We went back to the Canyonlands Inn to change clothes, and to buy some Miata goodies. Thompson Automotive showed up with Miata Hawaiian Shirts, and those were easily the most popular of all the Miata-themed merchandise. The first time I wore mine at a PSMC event, I was inundated with questions as to where I got it. Here’s a link to where you can get your own: http://www.thompson-automotive.com/Shirts.html
Then it was off to a good lunch at the Moab Brewery and then a visit to “Hole in the Rock”, a tourist trap which was originally the 5000 sq. ft. home hollowed out of a huge rock formation by a hard rock miner for his wife. The tour was short but interesting, and the grounds were filled with interesting things to pose by and take pictures of. We stayed longer than we had planned, and had a great time for being somewhere so tacky!
That evening the storm clouds rolled in and the Western Show and Gun Fight complete with a rubber chicken being shot out of the sky, just barely ended before the wind calmed and the rain started. We were at the Bar-M Chuckwagon, where you are served cowboy-style on tin plates and cups, over a gravel floor, and on rows of picnic tables. It was all good fun, and the food was OK, but in my opinion, the musical show after dinner was the best part. All four of the principals are accomplished musicians, and it shows. The music was Cowboy, the ambiance was Country, and the jokes were Corny. When they played and sang “Cool Water”, they encouraged audience participation by breaking out Super-Soaker water pistols and soaking down anyone not singing along to the refrain, “Cool, Clear, Wa-ter”! As the night progressed we found that the owner, who played the marshal in the opening gun fight, plays lead guitar, is also the lead vocalist, and is camp cook, as well. The other three are equally adept at various roles, and it was a treat to be part of their dream living the Western Way. The Bar-M Chuckwagon – check it out here: http://barmchuckwagon.com/theshow.html.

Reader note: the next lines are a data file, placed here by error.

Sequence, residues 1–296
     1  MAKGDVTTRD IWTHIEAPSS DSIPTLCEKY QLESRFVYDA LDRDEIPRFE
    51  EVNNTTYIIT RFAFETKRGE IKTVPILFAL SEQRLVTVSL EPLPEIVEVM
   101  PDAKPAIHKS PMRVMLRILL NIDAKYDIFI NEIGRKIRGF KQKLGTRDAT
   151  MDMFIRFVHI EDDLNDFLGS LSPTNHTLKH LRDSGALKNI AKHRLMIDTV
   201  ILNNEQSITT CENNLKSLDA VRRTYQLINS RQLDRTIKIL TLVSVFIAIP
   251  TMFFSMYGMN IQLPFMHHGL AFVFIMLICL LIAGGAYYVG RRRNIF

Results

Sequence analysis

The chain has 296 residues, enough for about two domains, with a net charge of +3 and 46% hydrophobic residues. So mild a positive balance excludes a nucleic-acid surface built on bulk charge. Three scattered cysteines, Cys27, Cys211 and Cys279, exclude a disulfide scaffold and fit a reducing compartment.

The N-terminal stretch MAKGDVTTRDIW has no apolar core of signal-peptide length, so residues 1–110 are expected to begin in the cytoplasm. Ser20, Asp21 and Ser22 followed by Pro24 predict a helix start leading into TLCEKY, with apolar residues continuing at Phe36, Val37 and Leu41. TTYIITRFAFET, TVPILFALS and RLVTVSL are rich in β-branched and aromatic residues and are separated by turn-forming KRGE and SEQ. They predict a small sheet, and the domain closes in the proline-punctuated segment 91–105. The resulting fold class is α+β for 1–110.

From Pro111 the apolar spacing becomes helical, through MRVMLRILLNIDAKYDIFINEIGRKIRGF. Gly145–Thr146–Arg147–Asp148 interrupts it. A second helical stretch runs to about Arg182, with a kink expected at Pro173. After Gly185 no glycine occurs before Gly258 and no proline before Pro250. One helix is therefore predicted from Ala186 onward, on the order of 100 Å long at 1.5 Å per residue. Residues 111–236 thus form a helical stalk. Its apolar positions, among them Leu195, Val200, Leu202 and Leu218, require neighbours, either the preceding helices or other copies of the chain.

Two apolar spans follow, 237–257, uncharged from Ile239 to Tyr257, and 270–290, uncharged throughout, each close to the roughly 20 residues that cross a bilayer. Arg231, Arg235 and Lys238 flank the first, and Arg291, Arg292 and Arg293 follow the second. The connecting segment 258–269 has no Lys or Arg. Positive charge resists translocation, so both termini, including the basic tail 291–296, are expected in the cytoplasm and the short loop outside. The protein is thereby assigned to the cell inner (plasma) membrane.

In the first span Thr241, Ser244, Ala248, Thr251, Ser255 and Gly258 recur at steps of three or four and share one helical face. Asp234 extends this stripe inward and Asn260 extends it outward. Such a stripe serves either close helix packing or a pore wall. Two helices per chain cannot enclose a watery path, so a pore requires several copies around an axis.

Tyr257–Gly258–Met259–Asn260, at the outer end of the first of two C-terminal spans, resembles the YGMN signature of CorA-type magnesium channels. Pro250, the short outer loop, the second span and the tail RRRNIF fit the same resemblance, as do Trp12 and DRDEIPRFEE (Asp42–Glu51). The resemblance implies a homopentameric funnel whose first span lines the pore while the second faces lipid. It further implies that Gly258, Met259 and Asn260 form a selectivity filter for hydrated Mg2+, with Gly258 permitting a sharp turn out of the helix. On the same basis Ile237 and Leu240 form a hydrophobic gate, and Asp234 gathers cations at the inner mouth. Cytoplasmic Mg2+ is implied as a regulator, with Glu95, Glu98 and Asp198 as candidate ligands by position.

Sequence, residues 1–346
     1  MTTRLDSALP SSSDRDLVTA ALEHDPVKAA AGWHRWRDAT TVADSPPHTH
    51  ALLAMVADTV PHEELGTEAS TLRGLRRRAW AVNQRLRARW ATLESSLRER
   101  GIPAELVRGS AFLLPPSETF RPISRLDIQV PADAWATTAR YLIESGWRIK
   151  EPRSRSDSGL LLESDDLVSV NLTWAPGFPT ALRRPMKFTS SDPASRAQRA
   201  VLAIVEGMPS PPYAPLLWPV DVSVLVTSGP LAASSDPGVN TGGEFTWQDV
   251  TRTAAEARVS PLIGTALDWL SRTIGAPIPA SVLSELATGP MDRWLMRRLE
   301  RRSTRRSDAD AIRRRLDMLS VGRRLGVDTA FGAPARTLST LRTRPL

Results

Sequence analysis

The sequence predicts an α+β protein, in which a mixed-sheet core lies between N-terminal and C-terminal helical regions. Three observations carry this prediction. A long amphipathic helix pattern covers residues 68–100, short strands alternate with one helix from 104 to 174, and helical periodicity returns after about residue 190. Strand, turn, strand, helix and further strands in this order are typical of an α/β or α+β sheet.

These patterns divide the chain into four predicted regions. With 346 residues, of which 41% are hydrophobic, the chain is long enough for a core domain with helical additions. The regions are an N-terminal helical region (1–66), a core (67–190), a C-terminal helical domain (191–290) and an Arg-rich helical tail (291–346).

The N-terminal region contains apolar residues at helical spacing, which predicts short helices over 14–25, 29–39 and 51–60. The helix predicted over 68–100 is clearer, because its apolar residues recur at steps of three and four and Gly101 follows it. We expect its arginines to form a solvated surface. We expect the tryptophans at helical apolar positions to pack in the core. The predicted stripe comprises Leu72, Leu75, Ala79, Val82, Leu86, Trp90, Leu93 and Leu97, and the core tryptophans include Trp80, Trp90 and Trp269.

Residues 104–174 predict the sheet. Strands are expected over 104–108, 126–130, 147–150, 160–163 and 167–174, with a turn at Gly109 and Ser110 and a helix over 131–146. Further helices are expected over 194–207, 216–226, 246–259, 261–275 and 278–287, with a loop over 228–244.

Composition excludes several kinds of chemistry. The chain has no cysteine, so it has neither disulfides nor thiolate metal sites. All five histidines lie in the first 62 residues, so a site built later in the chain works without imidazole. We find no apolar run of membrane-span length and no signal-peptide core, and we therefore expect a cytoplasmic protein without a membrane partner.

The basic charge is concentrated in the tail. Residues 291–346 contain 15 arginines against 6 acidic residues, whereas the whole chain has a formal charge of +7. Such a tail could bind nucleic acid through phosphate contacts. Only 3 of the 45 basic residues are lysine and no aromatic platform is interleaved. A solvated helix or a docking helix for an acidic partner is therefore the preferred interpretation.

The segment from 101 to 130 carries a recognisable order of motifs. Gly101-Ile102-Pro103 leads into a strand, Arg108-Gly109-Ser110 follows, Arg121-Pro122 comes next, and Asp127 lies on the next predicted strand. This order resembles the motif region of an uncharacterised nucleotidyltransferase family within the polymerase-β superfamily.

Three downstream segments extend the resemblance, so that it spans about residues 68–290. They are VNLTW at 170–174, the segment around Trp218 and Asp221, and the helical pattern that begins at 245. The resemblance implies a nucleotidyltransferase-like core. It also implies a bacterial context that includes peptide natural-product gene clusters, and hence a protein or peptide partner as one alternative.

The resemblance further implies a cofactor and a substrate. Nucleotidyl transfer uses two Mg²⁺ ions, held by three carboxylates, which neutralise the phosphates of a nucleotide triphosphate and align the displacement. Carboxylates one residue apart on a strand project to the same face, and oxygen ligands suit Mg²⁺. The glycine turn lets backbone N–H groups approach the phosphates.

The next day we enjoyed a very good breakfast at Canyonlands – they have really done a nice job of turning a small meeting room and open area into a kitchen and eating area, and the food was great, especially considering it was part of your room. Then we headed South out of town towards the La Sal Mountains. We had heard about a cute General Store in Bedrock just over the border in Colorado, so stopped there – it may have been cute and bustling once, but the store was for sale, and it has clearly seen its better days. Still, we were glad we stopped to take a few pictures and spend a little cash, because these little stores are fast disappearing from the landscape.